After multiple projects and the development of trusting relationships there has been visible progress made since I visited two years ago. The progress is not necessarily a direct result the projects that we have done (painting a school, building a pavilion, or giving therapy to disabled people), but the true progress is in the morale and self worth that these projects create within the community. The community leader was able to build a new bathroom in her house as a result of the money earned from taking students into her home while on one of these trips. She and her family take great pride in that new bathroom with running water and a heated shower.
The second week in Pozo Seco, was much more challenging for me. This community that has an incredible amount of need. On past trips I have observed poverty and taken notice with my eyes, but this experience was different. Not only did I observe poverty through the falling apart roofs, children with bloated bellies from malnutrition, lack of running water and the consumption of salt at the end of a meal to satisfy hunger cravings, but I had people telling me to me face how poor they are. My host father told me to “send help” because they are poor and he does not have the money to send his children to school. We had multiple young people in the community writing letters to us asking for monetary donations.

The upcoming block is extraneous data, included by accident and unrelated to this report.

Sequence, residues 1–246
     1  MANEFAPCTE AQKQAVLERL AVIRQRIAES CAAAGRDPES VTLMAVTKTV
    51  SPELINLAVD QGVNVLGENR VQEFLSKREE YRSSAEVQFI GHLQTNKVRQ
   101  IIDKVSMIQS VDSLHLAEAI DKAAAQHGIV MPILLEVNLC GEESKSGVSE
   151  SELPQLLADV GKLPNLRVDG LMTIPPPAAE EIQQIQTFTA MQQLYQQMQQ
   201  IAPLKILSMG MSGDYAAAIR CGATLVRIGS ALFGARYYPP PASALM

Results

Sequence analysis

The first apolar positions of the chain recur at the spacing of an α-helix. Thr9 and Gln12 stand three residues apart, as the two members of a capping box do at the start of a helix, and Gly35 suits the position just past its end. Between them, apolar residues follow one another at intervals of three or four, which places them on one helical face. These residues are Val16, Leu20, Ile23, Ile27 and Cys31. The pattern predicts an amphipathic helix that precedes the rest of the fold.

Given these unsettling events, I am left with many questions running through my mind; What do we do? Do we just send money as they request? Are students or people who are used to living comfortably in the U.S. ready to visit a place like Pozo Seco? Where do we start?
In hind sight, I realize that development in a community like this will take time. We need to be patient and work WITH the people of this community. I have also learned through my experience that the most important way to make a positive impact on any person or group of people is to change their way of thinking. If there is a way to change the mindset of people in these impoverished communities from one of hopelessness and desperation to one of self worth and possibility, major changes can be made. Empowering people through trusting relationships, guiding conversations, and continued support will lead to the greatest success.
During our time in Guatemala, we met people of one particular organization that does just that through empowering women. It is called Abriendo Oportunidades, “creating opportunities.” They work with young women between the ages of eight and 14 from rural Mayan communities to teach them skills that allow them to be more independent. The skills taught include managing their own finances, methods of birth control, involving them in sports and combating domestic violence. To combat domestic violence, a group of girls with their mentors go into homes and confront the abusers by explaining directly to them that abuse is unacceptable, even though it is a cultural norm in Guatemala. This organization is currently present in 50 rural Guatemalan communities and is growing.
Overall, Guatemala was an incredible learning experience and I feel very blessed to have gotten the opportunity to learn from the many incredible people that I met along the way. It is a beautiful country that continues to fascinate and amaze me.
Categories: Albert Schweitzer Institute